Tom Parker Is Not '100 Percent' but Getting There 'Day by Day' After Brain Cancer Diagnosis

Tom Parker is ending 2020 on a positive note.

On New Year's Eve, The Wanted singer, 32, shared a hopeful message to Instagram about living with stage four glioblastoma, an aggressive form of brain cancer which he was first diagnosed with over the summer.

"Hey, I may not be [at] 100% yet but I'm out here doing it … getting there day by day," Parker captioned a selfie. "Overwhelmed by all your love and support. So thank you all for that. Hope you all had a lovely Xmas and get to at least celebrate NYE in some capacity."

In his Instagram Story, Parker shared a video of him and his wife, Kelsey Hardwick, lying in bed with their son Bodhi Thomas Paris, who was born in October. The couple — who celebrated their 11th anniversary earlier this month — also share daughter Aurelia Rose, 18 months.

"Look at us lovebirds," Parker says in the video. "It's 10 [minutes] to 8 [p.m.], and we're in bed on New Year's Eve."

"Watching Pitch Perfect 2," Hardwick, 30, interjects, as Parker says, "Jesus. A few years ago, I'd probably be off my head at this point."

Days earlier, Parker threw it back on Instagram with a selfie he took in the hospital two days before being told he had an inoperable brain tumor.

"It turned my world upside down," Parker wrote in the caption. "I don't really remember them earlier days of when I was told. I was living in such a haze. But I've come a long way even in such a short space of time."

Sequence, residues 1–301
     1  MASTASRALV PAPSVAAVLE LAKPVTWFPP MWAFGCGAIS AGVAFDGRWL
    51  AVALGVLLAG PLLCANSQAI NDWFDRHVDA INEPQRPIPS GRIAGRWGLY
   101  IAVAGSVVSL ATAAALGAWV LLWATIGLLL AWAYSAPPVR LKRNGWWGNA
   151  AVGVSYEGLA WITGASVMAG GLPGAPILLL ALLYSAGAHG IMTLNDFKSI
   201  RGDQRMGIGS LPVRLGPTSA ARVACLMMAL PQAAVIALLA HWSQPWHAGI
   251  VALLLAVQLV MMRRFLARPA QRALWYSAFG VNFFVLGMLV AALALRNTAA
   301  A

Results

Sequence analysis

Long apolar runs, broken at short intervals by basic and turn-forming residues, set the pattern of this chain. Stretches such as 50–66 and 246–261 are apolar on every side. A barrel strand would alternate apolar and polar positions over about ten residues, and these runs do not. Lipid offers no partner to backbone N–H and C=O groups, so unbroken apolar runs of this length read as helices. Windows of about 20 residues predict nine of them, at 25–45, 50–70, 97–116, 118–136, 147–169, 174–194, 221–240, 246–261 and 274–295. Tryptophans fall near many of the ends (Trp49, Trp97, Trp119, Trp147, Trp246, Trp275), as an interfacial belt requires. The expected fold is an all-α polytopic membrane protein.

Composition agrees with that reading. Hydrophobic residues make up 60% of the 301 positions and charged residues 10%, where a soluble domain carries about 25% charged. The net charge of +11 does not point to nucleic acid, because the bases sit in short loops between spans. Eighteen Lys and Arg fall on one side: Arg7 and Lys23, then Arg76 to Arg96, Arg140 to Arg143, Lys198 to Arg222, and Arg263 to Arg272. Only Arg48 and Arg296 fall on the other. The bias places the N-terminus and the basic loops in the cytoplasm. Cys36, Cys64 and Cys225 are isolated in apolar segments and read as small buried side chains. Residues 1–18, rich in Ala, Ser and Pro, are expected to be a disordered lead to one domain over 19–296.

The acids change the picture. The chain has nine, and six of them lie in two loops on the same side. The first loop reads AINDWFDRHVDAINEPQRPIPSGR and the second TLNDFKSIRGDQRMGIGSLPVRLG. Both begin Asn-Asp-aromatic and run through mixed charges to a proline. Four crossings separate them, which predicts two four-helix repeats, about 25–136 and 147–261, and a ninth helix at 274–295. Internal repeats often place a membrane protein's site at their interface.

Parker then thanked his followers for their "love and support over the last few months," as well as their "friends and family who have really come together and helped wherever needed with the kids and helping with the house."

He gave a special shout-out to his manager, Damien Sanders, for putting "himself out of his way to help" him and his wife. He also thanked Hardwick, his "beautiful wife who has managed to cope with the tears, and looking after an 18 month old and a new born [sic]" and is "the true warrior here."

"I promise to keep you updated with how things are progressing over the next few months," he concluded the post. "And here's hoping for a fantastic 2021."

In October, Parker first revealed to the world that he had been diagnosed with terminal brain cancer.

Tragically, life expectancy for patients with glioblastoma ranges from three to 18 months after diagnosis. Parker is currently undergoing radiation and chemotherapy treatment in an effort to shrink the tumor.

"I knew something wasn't right, but I never expected it to be this," Parker previously told OK! magazine. "It's all I can think about right now."

Parker first displayed symptoms of the tumor in July, when he suffered a seizure at the family's home in Southeast London and checked himself into his local hospital emergency department.

After being assessed and sent home by the medics, Parker returned the following week because "he felt like he was concussed," said Hardwick. He was then put on a waiting list for an MRI scan.

Six weeks later, the couple and their daughter were enjoying a summer staycation in Norwich, England, when things took a turn.

"He suffered another seizure, which was much worse," said Hardwick. "It was really bad."

Parker was immediately sent for an MRI scan and remained in the hospital for three days having tests. It was then that the doctors pulled a curtain around his bed and told him their diagnosis.

"All I could think was, 'F—ing hell!'" Parker said. "I was in shock. It's stage four glioblastoma, and they've said it's terminal. It was a lot to deal with by myself. I still haven't processed it."

Weeks after opening up about his diagnosis, Parker and his wife celebrated a happy milestone: the birth of their second child.

“At first it was us @tomparkerofficial Then along came our Rae of sunshine 💗," Hardwick wrote on Instagram last month alongside a black-and-white image of Bodhi snuggling up to his older sister.

"We are now complete with our enlightenment Bodhi 🥰," she added. "Life is tough my darlings but love, positivity and light will always push us through."

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